There is an important and broad range of existing literature exploring the experiences of lesbian and gay teachers. However, most of this literature adopts a deficit model whereby openly lesbian and gay teachers are viewed as likely to experience personal and professional difficulty. This paper offers a more nuanced, and sometimes positive, portrayal of the experiences of LGBT+ secondary school teachers. It presents findings from a case study of three teachers engaging in a photo elicitation research project, in which participants took photographs in their schools to represent the spaces where they felt most and least safe. Participants later discussed the significance of these pictures in one-to-one interviews, revealing key insights that were often time and contextually specific. Although many of the findings support the view that being an openly LGBT+ teacher can present challenges, the research also provided examples of more positive narratives. These narratives present a new and hopeful perspective, where LGBT+ teachers’ identities can carry a form of queer capital, offering important positives for both the teachers themselves and the schools in which they work.
This paper shares three different stories and perspectives that allow us to question the simplicity of the term visibility. The stories identify the many ways in which LGBT+ visibility is experienced, often as a point of constant negotiation and navigation that is both time and contextually contingent. Patai’s (1992) and Pallotta-Chiarolli’s (2010) concepts of surplus visibility and passing, bordering, and polluting visibility are employed to conceptualise the forms visibility may take.
Several accounts are shared in this paper that exemplify the dominant narrative in existing literature: namely, that LGBT+ teacher visibility is problematic and a source of vulnerability. I hope this article presents a new, contemporary narrative; one that offers a less inflammatory and more nuanced understanding of the challenges LGBT+ teachers face. I also hope it highlights the benefits and opportunities that can arise from being openly LGBT+ as a teacher. Surplus visibility describes a form of hyper-visibility, whereby individual minority members are assumed to represent an entire minority group such that ‘their mere presence seems excessive’ (DePalma and Atkinson 2009, 887). DePalma and Atkinson further argue that LGBT+ teachers are often denied the powerful position of simple visibility. While this appears true to an extent, some teachers in this study had access to new forms of visibility. They may not have had the ‘simple visibility’ that their cisgender heterosexual colleagues had access to but were nevertheless able to convey ‘normalised’ forms of visibility, some of which carry significant cultural capital. Coleman-Fountain (2014) has used the term ‘post-gay’ to describe the ‘ordinariness’ that some now associate with being gay or lesbian. Post-gay also suggests a view in which sexuality is considered a secondary aspect of an individuals’ identity, rather than the defining feature, as is assumed by notions of surplus visibility.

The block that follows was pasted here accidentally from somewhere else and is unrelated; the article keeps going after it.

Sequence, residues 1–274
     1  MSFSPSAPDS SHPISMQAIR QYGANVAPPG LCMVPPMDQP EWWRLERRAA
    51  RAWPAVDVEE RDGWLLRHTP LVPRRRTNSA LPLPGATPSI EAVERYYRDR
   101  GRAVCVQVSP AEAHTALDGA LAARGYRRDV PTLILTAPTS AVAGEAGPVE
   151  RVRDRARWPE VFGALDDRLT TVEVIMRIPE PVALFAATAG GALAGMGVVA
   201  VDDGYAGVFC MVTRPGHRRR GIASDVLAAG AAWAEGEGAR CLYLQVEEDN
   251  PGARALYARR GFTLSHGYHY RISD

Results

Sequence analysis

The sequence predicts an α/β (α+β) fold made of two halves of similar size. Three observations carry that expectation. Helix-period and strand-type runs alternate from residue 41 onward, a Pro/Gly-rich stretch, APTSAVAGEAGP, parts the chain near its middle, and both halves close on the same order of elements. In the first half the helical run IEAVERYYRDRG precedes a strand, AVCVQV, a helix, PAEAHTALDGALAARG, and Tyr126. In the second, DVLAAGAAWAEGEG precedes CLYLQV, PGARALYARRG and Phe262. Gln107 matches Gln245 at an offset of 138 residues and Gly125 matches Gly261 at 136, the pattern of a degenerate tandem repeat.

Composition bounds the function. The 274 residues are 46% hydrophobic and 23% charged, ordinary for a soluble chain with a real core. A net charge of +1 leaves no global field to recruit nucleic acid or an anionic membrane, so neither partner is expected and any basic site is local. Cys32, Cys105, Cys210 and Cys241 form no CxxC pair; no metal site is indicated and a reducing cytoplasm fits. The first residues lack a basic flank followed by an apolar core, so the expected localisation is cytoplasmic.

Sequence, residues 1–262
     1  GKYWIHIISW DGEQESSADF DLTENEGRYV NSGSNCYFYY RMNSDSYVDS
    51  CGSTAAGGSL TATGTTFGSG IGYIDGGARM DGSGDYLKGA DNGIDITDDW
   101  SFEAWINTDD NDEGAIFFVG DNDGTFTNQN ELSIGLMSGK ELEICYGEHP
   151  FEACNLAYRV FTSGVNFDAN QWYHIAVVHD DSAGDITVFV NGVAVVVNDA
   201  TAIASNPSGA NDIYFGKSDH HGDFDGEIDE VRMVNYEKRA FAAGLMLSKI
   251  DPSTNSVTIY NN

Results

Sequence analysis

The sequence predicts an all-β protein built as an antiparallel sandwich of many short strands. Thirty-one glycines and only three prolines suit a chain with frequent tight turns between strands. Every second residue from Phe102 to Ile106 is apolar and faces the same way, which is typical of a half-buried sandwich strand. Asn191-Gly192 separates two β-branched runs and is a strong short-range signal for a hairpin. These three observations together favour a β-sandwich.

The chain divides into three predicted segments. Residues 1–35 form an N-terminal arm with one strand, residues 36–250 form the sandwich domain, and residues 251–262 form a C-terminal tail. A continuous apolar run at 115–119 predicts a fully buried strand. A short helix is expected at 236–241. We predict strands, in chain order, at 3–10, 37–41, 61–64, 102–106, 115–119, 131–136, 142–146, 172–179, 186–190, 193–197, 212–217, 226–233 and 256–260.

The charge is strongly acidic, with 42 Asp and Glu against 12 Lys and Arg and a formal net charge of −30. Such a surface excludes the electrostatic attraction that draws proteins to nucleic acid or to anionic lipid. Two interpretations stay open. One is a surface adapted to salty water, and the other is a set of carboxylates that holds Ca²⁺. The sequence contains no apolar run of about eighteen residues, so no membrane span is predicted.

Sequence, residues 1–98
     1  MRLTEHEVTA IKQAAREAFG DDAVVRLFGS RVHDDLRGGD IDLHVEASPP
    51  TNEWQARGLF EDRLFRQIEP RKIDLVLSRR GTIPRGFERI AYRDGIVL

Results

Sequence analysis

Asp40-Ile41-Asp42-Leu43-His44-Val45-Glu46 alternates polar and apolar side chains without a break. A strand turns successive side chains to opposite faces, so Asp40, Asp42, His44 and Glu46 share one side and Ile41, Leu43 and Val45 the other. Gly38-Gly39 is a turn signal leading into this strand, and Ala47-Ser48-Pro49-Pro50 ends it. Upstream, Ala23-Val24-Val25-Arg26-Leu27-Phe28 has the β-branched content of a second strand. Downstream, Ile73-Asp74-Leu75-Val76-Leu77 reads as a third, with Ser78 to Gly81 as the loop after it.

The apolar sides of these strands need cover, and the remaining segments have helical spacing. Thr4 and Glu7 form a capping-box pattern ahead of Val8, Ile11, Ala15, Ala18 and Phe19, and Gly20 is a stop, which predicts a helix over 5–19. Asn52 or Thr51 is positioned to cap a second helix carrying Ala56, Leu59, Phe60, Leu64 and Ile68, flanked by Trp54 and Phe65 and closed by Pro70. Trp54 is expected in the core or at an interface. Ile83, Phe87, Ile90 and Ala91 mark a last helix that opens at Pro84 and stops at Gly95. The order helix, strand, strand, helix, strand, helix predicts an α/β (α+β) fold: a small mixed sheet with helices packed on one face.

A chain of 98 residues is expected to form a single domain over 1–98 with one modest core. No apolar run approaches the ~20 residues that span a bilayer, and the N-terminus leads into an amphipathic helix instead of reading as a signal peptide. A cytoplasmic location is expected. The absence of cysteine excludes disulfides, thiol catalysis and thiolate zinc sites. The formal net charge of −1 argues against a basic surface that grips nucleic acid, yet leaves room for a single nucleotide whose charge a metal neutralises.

Although not all the teachers reported on here had access to a normalised form of visibility, some managed to turn this lack of access to advantage. Pallotta-Chiarolli’s (2010) description of polluting visibility as one of ‘strength, agency and empowerment’ can be employed here to conceptualise the advantages available to some study participants through their visibility. Alfie and James both spoke about how the embodiment of their gender/sexuality immediately made them visible, initially creating a source of tension when set against the silent expectations of cisgender heteronormativity. By being forced to address their difference with their classes, usually in the first lesson, these teachers were able to offer LGBT+ role models to their students through open and honest conversation. By giving students the opportunity to learn from their lived experience, both teachers created moments in which students were able to develop an empathetic understanding of what it is to be LGBT+. Both Alfie and James thought this honesty had allowed them to create stronger relationships with their classes, where the students had gone on to become allies for LGBT+ inclusion. Their actions demonstrate the transformational power of visibility. They also suggest we should think about the spectrum of LGBT+ visibility in new ways. In some contexts and some situations, LGBT+ identities can be seen as an asset, even carrying with them a form of cultural capital.